On to Reading for a sprang class at Aldebourne. Aldebourne is a tiny community, but home to a large group of individuals interested in braiding techniques. Imagine the community center in a small village, and on a Sunday afternoon the space is crowded with people and their inkle looms, tablet weaving, and kumihimo. This is where I taught a sprang class. What a pleasure to teach to such apt students.
On to the Pitt-Rivers Museum.
Page 67 of Sprang Unsprung features the photo of an amazing bag with a design of 5 people, worked in beads. I was privileged with a close examination of this bag, as well as several sashes of Great Lakes interlacing (oblique weave) design.
Presently I’m in Devon. I presented a class in sprang to the Devon Handweavers, another group with a keen eye for structure. It’s always a pleasure to open up the world of sprang for people.
This is how I did it.
Inspired by the work of Dagmar Drinkler, I made a pair of sprang pants. Difficulties encountered had me reflecting on how I could do things differently, and this meant making a second pair of pants.
The difficulties centered around three major problems:
1) My technique in adding those extra threads at the thigh left me with quite a sniggle-heap on the first pair. I was sure I could manage that addition better.
2) The crotch needed shaping. I had the opportunity to meet Dagmar Drinkler in person and the crotch shaping was one of the points I wanted to discuss with her. She said that she did not do any special shaping for the crotch of the pants she made for the mannequins, left them open a bit at the meeting point . I decided that, despite the amazing stretch that is natural to interlinking sprang, I did need to do some shaping for the pants to fit my shape.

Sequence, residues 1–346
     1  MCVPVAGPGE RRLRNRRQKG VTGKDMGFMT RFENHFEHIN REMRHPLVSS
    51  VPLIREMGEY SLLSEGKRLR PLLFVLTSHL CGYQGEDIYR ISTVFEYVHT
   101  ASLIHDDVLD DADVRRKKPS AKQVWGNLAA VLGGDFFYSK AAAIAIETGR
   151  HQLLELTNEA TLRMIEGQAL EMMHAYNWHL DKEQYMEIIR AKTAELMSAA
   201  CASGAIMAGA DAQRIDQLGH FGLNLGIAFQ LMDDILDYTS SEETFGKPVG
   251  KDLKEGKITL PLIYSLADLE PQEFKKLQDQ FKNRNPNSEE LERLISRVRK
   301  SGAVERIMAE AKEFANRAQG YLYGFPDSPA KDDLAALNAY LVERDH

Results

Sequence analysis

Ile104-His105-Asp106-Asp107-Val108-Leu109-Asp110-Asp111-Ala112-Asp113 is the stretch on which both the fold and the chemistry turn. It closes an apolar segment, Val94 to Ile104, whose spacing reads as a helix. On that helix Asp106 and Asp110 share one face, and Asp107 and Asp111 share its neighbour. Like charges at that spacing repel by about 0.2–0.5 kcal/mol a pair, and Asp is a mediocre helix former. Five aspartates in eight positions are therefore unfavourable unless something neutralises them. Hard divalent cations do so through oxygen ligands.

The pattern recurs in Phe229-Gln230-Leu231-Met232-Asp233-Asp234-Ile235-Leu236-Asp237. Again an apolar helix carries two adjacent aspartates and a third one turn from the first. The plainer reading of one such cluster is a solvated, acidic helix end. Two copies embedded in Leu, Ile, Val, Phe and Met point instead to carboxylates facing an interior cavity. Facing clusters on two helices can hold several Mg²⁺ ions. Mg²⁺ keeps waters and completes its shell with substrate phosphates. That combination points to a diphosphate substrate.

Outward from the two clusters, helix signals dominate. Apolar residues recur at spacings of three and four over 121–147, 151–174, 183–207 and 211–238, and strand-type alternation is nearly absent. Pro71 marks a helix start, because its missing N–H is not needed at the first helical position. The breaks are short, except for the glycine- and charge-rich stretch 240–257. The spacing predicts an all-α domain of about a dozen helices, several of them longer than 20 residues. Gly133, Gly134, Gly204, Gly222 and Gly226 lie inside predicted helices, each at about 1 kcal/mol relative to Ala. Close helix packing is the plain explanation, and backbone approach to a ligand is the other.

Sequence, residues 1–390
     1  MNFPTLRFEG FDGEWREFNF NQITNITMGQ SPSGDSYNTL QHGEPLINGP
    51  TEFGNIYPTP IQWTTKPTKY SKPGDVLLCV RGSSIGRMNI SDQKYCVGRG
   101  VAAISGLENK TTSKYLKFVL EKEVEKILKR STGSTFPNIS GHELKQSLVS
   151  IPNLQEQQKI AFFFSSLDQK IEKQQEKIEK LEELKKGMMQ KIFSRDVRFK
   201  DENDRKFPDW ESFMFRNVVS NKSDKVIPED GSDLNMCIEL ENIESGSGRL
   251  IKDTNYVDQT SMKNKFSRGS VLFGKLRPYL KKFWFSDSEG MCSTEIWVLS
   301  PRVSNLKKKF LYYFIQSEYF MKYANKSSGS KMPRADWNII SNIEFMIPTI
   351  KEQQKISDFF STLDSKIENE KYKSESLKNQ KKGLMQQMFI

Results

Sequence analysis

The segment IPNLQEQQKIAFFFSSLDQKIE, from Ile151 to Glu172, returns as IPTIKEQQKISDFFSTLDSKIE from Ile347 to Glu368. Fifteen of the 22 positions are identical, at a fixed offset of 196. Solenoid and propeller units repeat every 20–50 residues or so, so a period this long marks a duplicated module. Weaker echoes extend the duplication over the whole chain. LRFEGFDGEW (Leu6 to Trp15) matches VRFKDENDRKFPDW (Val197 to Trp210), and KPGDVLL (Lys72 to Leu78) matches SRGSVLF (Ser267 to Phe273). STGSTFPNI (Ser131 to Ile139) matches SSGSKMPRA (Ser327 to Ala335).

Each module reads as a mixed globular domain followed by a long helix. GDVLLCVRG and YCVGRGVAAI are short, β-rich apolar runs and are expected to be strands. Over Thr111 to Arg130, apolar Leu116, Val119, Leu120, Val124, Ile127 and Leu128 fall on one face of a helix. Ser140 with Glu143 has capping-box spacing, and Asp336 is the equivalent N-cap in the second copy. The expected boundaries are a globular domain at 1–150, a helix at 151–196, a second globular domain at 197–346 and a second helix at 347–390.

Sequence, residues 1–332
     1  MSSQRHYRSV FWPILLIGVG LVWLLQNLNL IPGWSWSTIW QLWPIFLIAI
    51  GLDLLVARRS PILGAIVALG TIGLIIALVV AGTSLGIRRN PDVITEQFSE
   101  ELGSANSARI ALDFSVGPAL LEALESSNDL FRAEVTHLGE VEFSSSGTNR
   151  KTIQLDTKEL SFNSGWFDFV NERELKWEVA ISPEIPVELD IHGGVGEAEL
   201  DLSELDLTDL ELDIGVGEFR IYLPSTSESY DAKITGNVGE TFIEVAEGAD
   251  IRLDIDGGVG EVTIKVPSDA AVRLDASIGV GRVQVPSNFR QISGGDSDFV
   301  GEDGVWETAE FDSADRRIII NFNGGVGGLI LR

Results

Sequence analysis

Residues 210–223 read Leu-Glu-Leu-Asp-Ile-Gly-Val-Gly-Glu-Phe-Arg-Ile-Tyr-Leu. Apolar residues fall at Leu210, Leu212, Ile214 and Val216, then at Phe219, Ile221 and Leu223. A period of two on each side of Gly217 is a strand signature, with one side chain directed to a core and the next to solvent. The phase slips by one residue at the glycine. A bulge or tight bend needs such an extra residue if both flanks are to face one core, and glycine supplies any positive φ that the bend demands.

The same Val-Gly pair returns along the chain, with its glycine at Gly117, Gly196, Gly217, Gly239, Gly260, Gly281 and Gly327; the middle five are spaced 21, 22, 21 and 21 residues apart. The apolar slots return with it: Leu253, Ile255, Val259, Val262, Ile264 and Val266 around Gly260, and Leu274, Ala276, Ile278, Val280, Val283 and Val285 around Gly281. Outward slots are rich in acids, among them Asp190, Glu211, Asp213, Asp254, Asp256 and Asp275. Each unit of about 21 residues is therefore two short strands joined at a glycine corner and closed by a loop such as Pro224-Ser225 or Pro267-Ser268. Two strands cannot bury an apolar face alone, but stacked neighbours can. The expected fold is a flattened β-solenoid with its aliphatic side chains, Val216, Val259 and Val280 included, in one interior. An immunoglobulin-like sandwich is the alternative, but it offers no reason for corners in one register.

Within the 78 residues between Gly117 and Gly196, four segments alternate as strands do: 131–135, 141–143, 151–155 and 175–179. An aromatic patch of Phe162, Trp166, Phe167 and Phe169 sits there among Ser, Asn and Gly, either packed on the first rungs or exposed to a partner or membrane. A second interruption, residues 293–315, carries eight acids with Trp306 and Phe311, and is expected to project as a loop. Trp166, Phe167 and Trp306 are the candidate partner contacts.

3) I was unsatisfied with the waistband on the first pair, knew I could do better
All this in mind, I set up a new warp. Reading in Peter Collingwood’s Techniques of Sprang, I found the perfect way to set up my warp.
The meeting of the two ends of the warp happens around that knitting needle, taped to the dowel on the left. This is what I used for the dowel in the middle of Peter Collingwood’s design. The dowel on the right creates a shed for my first row.
One thread had gone across the meeting point, instead of around and doubling back. Rather than unwind and re-do this, I added another thread. I then clipped the place of the error and tied two knots. This short-cut worked just fine. Work progressed on the warp nicely. The first few rows formed the ankles, and work progressed up the calf of the pants towards the knee. At about mid-thigh, I measured out another warp of threads exactly the same length of the as the yet-unsprung-warp.
I found it was important that this new warp has its own independent suspension system. I’m not always successful at creating a perfectly even warp. This always causes me a bit of trouble over the first few inches of sprang work, until the un-evenness works itself out. This was the case again here. There was a slight unevenness between the two warps, as well as within the new warp. A very tight tension on the new warp when pushing the Z work to the S place helped. It was a couple of inches of work before things settled in.
The two warps had been placed one on top of the other, and worked as double-cloth (Collingwood 167-173).